# data.gen.Rossler: Rössler system In synthesis: Generate Synthetic Data from Statistical Models

## Description

Generates a 3-dimensional time series using the Rossler equations.

## Usage

 ```1 2 3 4 5 6 7 8``` ```data.gen.Rossler( a = 0.2, b = 0.2, w = 5.7, start = c(-2, -10, 0.2), time = seq(0, by = 0.05, length.out = 1000), s ) ```

## Arguments

 `a` The a parameter. Default: 0.2. `b` The b parameter. Default: 0.2. `w` The w parameter. Default: 5.7. `start` A 3-dimensional numeric vector indicating the starting point for the time series. Default: c(-2, -10, 0.2). `time` The temporal interval at which the system will be generated. Default: time=seq(0,50,by=0.01) or time = seq(0,by=0.01,length.out = 1000) `s` The level of noise, default 0.

## Details

The Rössler system is a system of ordinary differential equations defined as:

dx/dt = -(y + z)

dy/dt = x + a*y

dz/dt = b + z*(x-w)

The default selection for the system parameters (a = 0.2, b = 0.2, w = 5.7) is known to produce a deterministic chaotic time series. However, the values a = 0.1, b = 0.1, and c = 14 are more commonly used. These Rössler equations are simpler than those Lorenz used since only one nonlinear term appears (the product xz in the third equation).

Here, a = b = 0.1 and c changes. The bifurcation diagram reveals that low values of c are periodic, but quickly become chaotic as c increases. This pattern repeats itself as c increases — there are sections of periodicity interspersed with periods of chaos, and the trend is towards higher-period orbits as c increases. For example, the period one orbit only appears for values of c around 4 and is never found again in the bifurcation diagram. The same phenomenon is seen with period three; until c = 12, period three orbits can be found, but thereafter, they do not appear.

## Value

A list with four vectors named time, x, y and z containing the time, the x-components, the y-components and the z-components of the Rössler system, respectively.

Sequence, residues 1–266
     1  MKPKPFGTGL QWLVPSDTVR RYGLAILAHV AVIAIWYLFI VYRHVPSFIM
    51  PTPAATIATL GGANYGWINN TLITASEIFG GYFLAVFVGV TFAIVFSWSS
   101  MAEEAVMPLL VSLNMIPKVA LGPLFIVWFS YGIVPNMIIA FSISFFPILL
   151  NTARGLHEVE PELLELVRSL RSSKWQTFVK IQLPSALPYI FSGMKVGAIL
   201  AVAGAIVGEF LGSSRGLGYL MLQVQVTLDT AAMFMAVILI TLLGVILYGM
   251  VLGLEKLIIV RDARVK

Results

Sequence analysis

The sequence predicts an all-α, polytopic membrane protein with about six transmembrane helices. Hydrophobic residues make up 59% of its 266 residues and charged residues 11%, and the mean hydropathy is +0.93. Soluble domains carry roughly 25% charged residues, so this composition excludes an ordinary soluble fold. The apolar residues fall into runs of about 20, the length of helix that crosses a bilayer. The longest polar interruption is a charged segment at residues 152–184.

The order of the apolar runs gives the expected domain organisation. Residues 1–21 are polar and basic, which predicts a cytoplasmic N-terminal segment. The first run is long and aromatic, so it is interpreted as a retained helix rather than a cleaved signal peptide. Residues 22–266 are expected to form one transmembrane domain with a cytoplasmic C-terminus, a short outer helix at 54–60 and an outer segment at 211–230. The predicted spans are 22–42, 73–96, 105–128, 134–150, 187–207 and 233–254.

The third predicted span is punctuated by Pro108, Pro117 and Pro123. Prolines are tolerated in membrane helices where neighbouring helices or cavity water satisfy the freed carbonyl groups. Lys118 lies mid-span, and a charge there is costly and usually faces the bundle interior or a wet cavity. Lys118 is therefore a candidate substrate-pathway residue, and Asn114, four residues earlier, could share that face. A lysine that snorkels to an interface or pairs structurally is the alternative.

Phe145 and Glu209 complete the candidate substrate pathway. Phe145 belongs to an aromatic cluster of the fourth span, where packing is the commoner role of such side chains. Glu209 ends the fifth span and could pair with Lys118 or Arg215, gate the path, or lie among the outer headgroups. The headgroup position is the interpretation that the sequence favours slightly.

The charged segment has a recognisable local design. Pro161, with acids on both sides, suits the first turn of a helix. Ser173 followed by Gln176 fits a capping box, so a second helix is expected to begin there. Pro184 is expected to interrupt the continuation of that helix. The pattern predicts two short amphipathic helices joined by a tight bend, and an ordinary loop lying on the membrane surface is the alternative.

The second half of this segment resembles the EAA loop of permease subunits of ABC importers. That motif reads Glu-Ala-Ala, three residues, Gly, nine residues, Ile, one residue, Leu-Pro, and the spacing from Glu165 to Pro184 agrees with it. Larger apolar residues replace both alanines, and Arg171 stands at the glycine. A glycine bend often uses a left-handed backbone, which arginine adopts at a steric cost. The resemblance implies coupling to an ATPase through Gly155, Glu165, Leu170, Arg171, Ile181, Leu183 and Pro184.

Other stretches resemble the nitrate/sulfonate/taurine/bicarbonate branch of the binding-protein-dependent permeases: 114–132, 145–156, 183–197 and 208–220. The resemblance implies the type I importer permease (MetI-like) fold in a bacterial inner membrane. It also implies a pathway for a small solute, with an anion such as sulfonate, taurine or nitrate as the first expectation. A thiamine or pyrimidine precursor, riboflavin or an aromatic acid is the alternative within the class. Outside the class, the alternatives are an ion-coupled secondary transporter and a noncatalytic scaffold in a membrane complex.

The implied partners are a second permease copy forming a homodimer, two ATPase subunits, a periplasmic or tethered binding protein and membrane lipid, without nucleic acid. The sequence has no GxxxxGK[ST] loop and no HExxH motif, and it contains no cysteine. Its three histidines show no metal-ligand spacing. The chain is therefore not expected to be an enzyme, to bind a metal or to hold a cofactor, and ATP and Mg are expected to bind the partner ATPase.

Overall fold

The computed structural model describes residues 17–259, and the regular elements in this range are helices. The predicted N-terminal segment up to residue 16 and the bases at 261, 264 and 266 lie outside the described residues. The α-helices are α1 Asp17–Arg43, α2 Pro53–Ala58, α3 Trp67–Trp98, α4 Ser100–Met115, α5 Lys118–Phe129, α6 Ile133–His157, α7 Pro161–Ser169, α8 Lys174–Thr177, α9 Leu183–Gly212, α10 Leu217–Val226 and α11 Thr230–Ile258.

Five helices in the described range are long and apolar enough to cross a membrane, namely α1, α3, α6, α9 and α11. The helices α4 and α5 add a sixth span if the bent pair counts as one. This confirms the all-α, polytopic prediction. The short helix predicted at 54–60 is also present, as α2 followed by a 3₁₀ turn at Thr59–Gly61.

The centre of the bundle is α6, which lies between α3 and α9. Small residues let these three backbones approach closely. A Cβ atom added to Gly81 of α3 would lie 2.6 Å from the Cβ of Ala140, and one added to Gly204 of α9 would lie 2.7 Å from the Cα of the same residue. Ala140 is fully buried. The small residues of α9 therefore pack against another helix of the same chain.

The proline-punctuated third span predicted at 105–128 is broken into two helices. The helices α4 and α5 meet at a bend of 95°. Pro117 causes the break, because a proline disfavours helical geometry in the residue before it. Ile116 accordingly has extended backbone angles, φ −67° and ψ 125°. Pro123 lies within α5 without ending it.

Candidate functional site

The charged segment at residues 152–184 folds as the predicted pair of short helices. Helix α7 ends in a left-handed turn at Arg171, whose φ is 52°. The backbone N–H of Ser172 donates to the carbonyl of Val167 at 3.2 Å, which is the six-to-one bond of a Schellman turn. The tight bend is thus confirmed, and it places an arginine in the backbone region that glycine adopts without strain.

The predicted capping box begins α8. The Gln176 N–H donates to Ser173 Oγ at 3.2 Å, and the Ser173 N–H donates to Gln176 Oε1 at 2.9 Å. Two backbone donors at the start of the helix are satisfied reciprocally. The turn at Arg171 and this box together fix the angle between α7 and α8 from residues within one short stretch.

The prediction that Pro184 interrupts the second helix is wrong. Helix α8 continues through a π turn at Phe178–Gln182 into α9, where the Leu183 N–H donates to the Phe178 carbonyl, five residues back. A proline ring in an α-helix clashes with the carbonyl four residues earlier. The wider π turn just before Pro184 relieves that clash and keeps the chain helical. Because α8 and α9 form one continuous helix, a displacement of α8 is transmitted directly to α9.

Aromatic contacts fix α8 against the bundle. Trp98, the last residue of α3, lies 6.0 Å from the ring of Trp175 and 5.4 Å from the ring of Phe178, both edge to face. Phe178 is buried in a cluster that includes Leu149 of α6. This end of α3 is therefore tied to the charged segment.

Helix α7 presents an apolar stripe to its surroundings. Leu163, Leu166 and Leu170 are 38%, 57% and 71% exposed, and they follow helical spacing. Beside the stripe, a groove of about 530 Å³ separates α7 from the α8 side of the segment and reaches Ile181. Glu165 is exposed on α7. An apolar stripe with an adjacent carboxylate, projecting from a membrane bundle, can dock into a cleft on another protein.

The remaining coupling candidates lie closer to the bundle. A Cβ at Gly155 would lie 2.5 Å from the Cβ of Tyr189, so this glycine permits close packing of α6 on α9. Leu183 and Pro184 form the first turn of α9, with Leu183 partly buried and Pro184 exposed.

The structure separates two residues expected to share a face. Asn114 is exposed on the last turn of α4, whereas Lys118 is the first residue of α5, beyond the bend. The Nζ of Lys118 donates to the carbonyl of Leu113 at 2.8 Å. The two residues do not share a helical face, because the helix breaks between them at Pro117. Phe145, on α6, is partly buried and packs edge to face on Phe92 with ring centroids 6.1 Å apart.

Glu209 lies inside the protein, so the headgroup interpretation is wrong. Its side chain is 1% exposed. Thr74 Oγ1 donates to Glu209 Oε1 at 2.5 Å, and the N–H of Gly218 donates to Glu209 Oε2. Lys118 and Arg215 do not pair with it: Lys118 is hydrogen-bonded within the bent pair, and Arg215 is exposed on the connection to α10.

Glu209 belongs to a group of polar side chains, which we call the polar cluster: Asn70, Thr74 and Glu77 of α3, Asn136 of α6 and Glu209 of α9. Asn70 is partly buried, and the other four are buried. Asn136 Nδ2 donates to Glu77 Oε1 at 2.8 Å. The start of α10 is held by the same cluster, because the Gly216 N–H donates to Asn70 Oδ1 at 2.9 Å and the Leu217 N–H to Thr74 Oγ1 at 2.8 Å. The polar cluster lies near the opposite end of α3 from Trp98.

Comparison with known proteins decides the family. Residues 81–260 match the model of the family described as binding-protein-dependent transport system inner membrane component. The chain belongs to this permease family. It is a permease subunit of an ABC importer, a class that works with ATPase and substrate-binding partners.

## Note

Some initial values may lead to an unstable system that will tend to infinity.

## References

Rössler, O. E. 1976. An equation for continuous chaos. Physics Letters A, 57, 397-398.

Constantino A. Garcia (2019). nonlinearTseries: Nonlinear Time Series Analysis. R package version 0.2.7. https://CRAN.R-project.org/package=nonlinearTseries

wikipedia https://en.wikipedia.org/wiki/R

## Examples

 ``` 1 2 3 4 5 6 7 8 9 10 11 12 13 14 15 16 17 18 19 20 21 22 23 24 25 26 27 28 29 30 31 32 33``` ```###synthetic example - RÃ¶ssler ts.r <- data.gen.Rossler(a = 0.1, b = 0.1, w = 8.7, start = c(-2, -10, 0.2), time = seq(0, by=0.05, length.out = 10000)) oldpar <- par(no.readonly = TRUE) par(mfrow=c(1,1), ps=12, cex.lab=1.5) plot.ts(cbind(ts.r\$x,ts.r\$y,ts.r\$z), col=c('black','red','blue')) par(mfrow=c(1,2), ps=12, cex.lab=1.5) plot(ts.r\$x,ts.r\$y, xlab='x',ylab = 'y', type = 'l') plot(ts.r\$x,ts.r\$z, xlab='x',ylab = 'z', type = 'l') par(oldpar) # Application to testing variance transformation method in: # Jiang, Z., Sharma, A., & Johnson, F. (2020) data <- list(x = ts.r\$z, dp = cbind(ts.r\$x, ts.r\$y)) dwt <- WASP::dwt.vt(data, wf="d4", J=7, method="dwt", pad="zero", boundary="periodic") par(mfrow = c(ncol(dwt\$dp), 1), mar = c(0, 2.5, 2, 1), oma = c(2, 1, 0, 0), # move plot to the right and up mgp = c(1.5, 0.5, 0), # move axis labels closer to axis pty = "m", bg = "transparent", ps = 12) # plot(dwt\$x, type="l", xlab=NA, ylab="SPI12", col="red") # plot(dwt\$x, type="l", xlab=NA, ylab="Rain", col="red") for (i in 1:ncol(dwt\$dp)) { ts.plot(cbind(dwt\$dp[, i], dwt\$dp.n[, i]), xlab = NA, ylab = NA, col = c("black", "blue"), lwd = c(1, 2)) } ```

synthesis documentation built on Nov. 27, 2021, 5:07 p.m.